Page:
Sometimes I feel Japan has about 18 months to live. The threat of nuclear apocalypse, real and imagined, is quite depressing. It`s either jump on the track of the Yamanote line, listen to The Fall for 24 hours or ideally, go for coffee shop therapy.
“The eel itself is nice, it`s the sauce that`s the problem. It`s made by a doshiroto (complete amateur)”, bald man in grey track suit said.
Bald man is my highlight of this two-week tour across Japan. I discovered him in a Kurashiki coffee shop, sat talking to the lady owner. He was nursing a mug of cafe au lait and a can of Calpis soda.
Feeling totally wired after ten straight days playing the clown/guide, I wanted frivolous conversation. The Calpis man helped out.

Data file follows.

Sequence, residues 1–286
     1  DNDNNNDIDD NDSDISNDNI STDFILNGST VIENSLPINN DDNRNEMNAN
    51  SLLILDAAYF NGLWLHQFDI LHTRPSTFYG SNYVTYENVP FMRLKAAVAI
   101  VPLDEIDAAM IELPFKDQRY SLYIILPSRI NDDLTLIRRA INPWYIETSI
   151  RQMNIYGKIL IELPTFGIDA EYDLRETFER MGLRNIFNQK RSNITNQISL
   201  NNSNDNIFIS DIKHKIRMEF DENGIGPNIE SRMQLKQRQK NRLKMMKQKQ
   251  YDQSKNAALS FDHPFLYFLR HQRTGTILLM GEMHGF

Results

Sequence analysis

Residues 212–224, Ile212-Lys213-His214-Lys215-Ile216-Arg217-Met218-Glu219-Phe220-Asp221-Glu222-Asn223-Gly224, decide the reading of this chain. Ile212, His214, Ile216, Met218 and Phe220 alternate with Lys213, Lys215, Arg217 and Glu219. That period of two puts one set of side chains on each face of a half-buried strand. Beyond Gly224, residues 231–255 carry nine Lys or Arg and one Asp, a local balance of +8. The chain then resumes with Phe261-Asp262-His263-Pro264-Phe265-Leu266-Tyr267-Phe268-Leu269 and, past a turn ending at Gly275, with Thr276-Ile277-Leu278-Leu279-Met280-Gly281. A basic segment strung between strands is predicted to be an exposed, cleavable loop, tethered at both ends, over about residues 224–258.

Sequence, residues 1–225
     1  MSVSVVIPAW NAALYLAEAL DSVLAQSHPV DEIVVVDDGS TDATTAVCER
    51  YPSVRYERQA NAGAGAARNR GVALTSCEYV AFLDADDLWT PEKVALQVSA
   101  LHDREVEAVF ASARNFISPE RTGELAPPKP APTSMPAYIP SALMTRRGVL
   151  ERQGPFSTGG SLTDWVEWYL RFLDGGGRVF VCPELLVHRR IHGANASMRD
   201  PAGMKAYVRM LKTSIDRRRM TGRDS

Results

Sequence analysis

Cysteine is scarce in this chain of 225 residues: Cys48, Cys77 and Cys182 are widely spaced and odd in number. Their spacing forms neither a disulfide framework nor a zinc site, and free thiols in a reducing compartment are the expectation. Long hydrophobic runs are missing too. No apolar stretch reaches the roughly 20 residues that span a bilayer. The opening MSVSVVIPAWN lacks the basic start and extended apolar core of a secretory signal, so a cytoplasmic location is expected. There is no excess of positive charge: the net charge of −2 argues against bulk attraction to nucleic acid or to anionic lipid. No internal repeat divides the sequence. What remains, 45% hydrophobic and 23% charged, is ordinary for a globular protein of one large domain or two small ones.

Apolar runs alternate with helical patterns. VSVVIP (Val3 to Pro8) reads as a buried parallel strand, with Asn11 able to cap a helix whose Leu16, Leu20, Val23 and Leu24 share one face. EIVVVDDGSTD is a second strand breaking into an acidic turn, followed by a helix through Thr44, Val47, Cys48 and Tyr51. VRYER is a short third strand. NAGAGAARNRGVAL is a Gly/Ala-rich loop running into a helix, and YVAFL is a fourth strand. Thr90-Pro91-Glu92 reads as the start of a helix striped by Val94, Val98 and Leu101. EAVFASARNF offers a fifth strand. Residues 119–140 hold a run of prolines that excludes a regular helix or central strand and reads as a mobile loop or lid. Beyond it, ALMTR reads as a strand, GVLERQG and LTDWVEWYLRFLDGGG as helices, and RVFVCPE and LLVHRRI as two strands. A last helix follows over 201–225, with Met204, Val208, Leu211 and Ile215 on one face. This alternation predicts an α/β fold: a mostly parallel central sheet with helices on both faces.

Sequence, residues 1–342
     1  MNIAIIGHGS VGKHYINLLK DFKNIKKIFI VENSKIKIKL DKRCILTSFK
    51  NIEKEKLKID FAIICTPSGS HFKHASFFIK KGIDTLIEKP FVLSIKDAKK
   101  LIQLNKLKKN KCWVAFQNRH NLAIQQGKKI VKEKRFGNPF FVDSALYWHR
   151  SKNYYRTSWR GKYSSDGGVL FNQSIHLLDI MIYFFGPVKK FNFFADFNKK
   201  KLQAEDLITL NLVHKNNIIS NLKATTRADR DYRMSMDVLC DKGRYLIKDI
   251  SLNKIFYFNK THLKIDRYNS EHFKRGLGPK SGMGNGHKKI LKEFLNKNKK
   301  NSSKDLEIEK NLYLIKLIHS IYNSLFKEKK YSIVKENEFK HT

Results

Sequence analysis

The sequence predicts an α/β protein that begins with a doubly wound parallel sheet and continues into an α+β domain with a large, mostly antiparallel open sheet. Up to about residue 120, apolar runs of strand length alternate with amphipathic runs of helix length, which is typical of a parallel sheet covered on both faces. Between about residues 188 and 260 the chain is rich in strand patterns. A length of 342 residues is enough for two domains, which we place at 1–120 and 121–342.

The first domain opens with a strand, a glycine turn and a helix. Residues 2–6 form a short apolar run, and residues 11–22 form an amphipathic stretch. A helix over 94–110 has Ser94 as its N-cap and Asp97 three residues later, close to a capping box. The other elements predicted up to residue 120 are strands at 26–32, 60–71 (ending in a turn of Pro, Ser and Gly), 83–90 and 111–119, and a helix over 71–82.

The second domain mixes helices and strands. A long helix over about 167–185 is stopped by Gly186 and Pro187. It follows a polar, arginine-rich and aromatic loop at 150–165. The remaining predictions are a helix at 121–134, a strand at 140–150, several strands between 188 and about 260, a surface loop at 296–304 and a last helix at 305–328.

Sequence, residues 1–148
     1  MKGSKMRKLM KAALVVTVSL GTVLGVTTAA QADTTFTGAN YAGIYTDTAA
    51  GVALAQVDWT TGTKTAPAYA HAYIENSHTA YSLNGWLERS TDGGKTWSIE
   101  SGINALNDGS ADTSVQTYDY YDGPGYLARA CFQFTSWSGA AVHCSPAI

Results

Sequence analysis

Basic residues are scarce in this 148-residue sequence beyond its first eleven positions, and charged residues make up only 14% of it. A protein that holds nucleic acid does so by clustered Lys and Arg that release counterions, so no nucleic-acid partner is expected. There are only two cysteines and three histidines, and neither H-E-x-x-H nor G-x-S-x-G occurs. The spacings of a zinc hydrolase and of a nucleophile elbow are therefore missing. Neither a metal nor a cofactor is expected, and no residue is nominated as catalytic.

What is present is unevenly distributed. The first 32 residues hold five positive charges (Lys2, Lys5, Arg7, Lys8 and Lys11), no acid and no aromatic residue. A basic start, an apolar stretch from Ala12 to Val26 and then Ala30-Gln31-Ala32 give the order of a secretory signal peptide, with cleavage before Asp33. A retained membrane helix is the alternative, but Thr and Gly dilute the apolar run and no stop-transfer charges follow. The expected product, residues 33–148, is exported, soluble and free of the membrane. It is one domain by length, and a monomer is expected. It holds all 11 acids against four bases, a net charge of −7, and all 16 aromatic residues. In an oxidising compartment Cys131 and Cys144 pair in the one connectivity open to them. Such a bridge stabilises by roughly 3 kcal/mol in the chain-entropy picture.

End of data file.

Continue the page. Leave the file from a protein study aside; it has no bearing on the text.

“The eel sauce is sarasara (runny)”, he exclaimed.
“It should be torotoro (sticky), shouldn`t it?” pipes in lady shop owner.
“Honma ni nah“(yeah, it should), Calpis spoke with emotion.
Diverting conversations like this make coffee shops cherished sanctuaries. Forget the coffee – it usually tastes like heated dishwater, not even cow piss could redeem it.
Conversation structure is easy to follow. Start with a banal comment about the weather, then introduce a fish story – `the sanma (saury) at Seiyu supermarket are on sale at 300 yen`.
It`s far easier to talk about dinner options for tonight than the chances of death tomorrow.
For a Calpis-style flourish, add a couple of `jinsei iroiro arimasu wa`, (life is a mixed bag). It will make you seem wise/mental.
A refuge from the terrifying world outside, an air-conditioned womb you will never want to leave, coffee shops are heaven. If and when apocalypse comes, please let me be inside one talking about fish.